Please keep in mind how your trail activities might affect other trail users, especially in the spring.
As snow melts and the ground thaws, the trails become extremely muddy. Using really muddy trails at this time can result in ruts that stay all summer when the trails dry out. Those ruts can make the trails difficult to use all summer and into the next winter. They help create erosion by keeping water on the trails.
Early season damage of trails is a recurring problem. Many people are chomping at the bit to get outside once the snow melts. And some people love to get as muddy as they can while out on the trails.
Some people love to point fingers at motorized off-road vehicles. And while they can do a lot of damage, they are not the only way a soft trail can be damaged. Bikes can leave deep ruts. Foot traffic and horses can also chew up soft trails. We ALL should keep in mind how we are affecting trails for other users.
With a little thought this problem can be greatly reduced.
- Try to be patient. Stay off the trails if you can. If you are unsure if a trail is ready to be used, check it out with the commitment to turn back if you are doing too much damage.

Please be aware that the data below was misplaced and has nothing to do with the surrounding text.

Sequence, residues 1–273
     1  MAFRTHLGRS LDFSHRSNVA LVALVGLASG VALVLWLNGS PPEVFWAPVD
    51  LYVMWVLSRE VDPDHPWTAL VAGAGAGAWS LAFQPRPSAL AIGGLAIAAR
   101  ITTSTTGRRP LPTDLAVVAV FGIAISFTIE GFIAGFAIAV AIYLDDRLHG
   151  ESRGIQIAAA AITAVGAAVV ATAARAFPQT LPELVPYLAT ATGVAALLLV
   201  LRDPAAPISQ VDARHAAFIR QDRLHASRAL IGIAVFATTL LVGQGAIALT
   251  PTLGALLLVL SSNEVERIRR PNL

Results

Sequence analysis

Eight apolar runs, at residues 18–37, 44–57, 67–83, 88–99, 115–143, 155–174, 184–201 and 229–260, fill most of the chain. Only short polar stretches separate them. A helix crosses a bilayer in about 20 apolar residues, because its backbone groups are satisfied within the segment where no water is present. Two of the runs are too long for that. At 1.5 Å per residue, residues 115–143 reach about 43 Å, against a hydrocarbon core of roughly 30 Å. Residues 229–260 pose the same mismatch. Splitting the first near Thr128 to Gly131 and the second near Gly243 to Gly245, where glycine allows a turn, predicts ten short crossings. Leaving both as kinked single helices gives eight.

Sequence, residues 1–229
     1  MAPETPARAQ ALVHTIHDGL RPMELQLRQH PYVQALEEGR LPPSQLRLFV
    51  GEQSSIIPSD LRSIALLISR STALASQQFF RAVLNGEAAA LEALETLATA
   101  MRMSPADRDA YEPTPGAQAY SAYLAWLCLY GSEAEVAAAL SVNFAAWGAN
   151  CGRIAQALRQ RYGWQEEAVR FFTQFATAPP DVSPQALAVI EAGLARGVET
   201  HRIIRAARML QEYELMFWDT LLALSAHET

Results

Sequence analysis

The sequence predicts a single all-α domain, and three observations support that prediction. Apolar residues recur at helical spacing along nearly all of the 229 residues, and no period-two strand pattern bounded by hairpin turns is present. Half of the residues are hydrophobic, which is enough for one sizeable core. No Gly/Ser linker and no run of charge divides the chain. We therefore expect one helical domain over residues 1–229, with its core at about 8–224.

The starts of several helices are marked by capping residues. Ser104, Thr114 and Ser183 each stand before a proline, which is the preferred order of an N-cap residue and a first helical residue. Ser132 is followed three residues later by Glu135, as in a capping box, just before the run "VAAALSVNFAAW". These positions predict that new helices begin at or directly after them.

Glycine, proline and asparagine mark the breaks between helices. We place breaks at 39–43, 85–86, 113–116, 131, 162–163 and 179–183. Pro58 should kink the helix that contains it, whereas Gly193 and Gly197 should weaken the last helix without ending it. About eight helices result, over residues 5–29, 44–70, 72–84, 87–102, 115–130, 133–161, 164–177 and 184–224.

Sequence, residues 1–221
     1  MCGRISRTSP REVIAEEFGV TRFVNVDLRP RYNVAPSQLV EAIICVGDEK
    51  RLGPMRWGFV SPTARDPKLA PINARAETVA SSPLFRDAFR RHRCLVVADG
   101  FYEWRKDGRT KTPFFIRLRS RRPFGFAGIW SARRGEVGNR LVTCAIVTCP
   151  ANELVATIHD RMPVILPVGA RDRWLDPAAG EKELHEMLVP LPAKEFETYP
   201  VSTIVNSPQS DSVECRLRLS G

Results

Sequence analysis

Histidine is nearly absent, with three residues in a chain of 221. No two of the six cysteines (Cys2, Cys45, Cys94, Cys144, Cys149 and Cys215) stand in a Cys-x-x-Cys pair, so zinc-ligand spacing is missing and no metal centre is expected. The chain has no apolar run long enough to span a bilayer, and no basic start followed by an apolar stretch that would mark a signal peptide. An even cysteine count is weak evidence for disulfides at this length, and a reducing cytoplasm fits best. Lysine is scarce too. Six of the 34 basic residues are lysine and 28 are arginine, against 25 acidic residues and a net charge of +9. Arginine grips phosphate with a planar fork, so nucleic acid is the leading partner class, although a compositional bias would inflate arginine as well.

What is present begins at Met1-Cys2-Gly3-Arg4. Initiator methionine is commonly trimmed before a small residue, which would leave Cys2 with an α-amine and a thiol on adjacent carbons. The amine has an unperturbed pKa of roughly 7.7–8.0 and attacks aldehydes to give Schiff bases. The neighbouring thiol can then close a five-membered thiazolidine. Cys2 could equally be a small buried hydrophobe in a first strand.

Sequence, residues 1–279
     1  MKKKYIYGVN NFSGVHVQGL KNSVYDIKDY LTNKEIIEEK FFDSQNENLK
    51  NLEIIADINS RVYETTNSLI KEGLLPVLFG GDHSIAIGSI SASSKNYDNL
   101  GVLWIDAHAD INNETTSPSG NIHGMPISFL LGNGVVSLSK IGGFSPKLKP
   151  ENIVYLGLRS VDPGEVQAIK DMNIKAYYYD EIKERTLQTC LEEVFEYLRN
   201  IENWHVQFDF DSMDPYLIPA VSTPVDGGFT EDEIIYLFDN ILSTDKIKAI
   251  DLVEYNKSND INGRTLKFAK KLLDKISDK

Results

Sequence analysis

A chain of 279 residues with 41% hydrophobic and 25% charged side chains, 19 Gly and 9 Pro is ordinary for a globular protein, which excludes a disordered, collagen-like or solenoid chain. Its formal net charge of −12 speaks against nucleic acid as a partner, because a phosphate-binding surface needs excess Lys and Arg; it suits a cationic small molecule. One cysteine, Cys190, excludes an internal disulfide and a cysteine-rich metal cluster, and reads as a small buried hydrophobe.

- Choose low impact. If you use the trails in several different ways, choose the method of travel that will cause the least amount of damage if you do run into some muddy sections.
- Pick your trails carefully. Use well-drained trails with lots of southern exposure. They typically dry out the quickest. If you just have to get muddy, please limit your activities to trails that are already thrashed. A little more damage probably won’t make a big difference, but a trail in nice shape can be damaged for a season in a hurry.
- Help them drain. Sometimes just a well-placed boot heel can drain ponded water off a trail. Even more permanent drainage can be provided with a shovel, Pulaski or McLeod. Getting ponded water off the trail helps them dry out.
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